[B] "You are right," said Goethe; "there are great and mysterious agencies included in the various forms of Poetry. If the substance of my 'Roman Elegies' were to be expressed in the tone and measure of Byron's 'Don Juan,' it would really have an atrocious effect."—Eckermann.
"The rhythm," said Goethe, "is an unconscious result of the poetic mood. If one should stop to consider it mechanically, when about to write a poem, one would become bewildered and accomplish nothing of real poetical value."—Ibid.
"All that is poetic in character should be rythmically treated! Such is my conviction; and if even a sort of poetic prose should be gradually introduced, it would only show that the distinction between prose and poetry had been completely lost sight of."—Goethe to Schiller, 1797.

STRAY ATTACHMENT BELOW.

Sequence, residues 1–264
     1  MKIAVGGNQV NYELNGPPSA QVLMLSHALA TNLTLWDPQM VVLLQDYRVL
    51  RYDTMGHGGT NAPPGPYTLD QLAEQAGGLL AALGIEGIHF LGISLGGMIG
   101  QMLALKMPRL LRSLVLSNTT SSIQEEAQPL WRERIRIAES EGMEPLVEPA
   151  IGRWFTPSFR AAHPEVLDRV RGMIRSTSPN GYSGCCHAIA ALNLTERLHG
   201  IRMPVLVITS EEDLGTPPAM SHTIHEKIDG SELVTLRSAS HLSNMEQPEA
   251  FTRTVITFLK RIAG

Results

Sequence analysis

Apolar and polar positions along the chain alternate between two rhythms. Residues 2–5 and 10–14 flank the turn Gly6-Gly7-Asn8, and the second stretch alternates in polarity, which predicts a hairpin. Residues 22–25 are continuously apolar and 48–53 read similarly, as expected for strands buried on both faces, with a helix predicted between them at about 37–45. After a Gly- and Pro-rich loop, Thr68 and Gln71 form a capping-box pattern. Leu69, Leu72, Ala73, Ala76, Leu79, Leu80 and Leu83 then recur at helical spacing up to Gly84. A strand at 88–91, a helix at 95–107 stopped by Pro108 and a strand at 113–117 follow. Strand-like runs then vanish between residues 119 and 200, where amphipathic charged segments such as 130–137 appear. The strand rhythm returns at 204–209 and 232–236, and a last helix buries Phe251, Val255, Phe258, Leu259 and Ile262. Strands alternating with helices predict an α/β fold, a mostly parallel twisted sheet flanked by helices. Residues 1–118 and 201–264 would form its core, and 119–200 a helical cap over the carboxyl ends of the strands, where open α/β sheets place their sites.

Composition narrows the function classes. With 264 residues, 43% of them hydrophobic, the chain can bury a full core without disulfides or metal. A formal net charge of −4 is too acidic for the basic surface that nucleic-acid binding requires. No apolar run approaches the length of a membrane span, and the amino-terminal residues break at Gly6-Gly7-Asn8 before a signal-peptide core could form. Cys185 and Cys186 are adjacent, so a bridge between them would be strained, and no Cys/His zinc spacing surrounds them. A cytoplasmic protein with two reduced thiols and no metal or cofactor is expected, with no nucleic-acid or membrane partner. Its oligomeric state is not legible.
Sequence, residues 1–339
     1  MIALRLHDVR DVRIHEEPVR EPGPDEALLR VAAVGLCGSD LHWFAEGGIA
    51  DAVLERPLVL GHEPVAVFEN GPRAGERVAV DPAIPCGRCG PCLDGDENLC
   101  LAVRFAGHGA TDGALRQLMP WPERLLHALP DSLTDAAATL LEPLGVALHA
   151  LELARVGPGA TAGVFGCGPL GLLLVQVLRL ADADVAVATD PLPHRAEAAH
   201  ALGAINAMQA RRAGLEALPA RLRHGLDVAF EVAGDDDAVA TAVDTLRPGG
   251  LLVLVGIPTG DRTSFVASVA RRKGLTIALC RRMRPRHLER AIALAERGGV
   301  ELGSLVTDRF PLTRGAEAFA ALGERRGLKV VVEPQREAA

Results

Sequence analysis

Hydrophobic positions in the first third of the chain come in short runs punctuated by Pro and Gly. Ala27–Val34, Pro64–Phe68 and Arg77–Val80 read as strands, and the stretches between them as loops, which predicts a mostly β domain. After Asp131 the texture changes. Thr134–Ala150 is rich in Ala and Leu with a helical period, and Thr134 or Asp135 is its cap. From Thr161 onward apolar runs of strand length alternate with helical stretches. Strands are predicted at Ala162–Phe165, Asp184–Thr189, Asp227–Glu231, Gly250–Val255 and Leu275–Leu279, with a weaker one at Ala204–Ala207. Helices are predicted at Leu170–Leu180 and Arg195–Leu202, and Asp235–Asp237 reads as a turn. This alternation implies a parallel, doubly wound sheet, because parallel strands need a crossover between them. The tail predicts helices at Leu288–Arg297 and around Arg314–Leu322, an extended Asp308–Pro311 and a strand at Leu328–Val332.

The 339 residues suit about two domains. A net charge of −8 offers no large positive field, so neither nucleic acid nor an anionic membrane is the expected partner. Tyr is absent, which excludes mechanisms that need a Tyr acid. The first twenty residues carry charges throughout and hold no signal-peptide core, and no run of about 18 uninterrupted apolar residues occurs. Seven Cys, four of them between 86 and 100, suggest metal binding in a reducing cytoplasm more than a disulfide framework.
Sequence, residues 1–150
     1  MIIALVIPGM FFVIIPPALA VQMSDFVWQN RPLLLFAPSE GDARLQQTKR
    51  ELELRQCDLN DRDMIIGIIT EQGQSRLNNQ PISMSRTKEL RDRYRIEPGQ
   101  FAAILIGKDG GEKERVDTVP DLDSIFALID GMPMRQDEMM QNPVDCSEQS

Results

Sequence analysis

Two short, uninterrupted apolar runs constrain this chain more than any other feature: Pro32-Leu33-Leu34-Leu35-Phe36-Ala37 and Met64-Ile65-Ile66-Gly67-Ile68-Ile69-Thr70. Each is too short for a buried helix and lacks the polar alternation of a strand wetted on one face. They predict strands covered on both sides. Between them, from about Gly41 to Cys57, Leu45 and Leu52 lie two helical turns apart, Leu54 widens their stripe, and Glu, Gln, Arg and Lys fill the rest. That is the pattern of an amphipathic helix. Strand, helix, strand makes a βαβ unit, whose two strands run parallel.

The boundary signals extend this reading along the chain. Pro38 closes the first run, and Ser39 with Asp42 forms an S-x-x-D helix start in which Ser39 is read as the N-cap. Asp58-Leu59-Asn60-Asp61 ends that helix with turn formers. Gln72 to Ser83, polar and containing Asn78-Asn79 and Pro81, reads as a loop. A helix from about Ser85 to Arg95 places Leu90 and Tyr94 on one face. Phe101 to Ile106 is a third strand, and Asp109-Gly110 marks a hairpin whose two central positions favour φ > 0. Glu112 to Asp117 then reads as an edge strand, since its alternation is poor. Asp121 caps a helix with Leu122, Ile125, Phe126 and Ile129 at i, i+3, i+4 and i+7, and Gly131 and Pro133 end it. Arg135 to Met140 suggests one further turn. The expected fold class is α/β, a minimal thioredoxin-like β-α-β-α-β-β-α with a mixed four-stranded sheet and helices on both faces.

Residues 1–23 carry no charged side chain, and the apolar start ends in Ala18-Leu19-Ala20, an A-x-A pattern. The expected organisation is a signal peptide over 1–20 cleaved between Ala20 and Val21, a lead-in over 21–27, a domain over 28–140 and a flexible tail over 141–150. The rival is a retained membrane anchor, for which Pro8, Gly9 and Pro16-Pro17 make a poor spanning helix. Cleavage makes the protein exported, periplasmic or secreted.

Tycho Mommsen, in his excellent essay, Die Kunst des Deutschen Uebersetzers aus neueren Sprachen, goes so far as to say: "The metrical or rhymed modelling of a poetical work is so essentially the germ of its being, that, rather than by giving it up, we might hope to construct a similar work of art before the eyes of our countrymen, by giving up or changing the substance. The immeasurable result which has followed works wherein the form has been retained—such as the Homer of Voss, and the Shakespeare of Tieck and Schlegel—is an incontrovertible evidence of the vitality of the endeavor."
[C] "Goethe's poems exercise a great sway over me, not only by their meaning, but also by their rhythm. It is a language which stimulates me to composition."—Beethoven.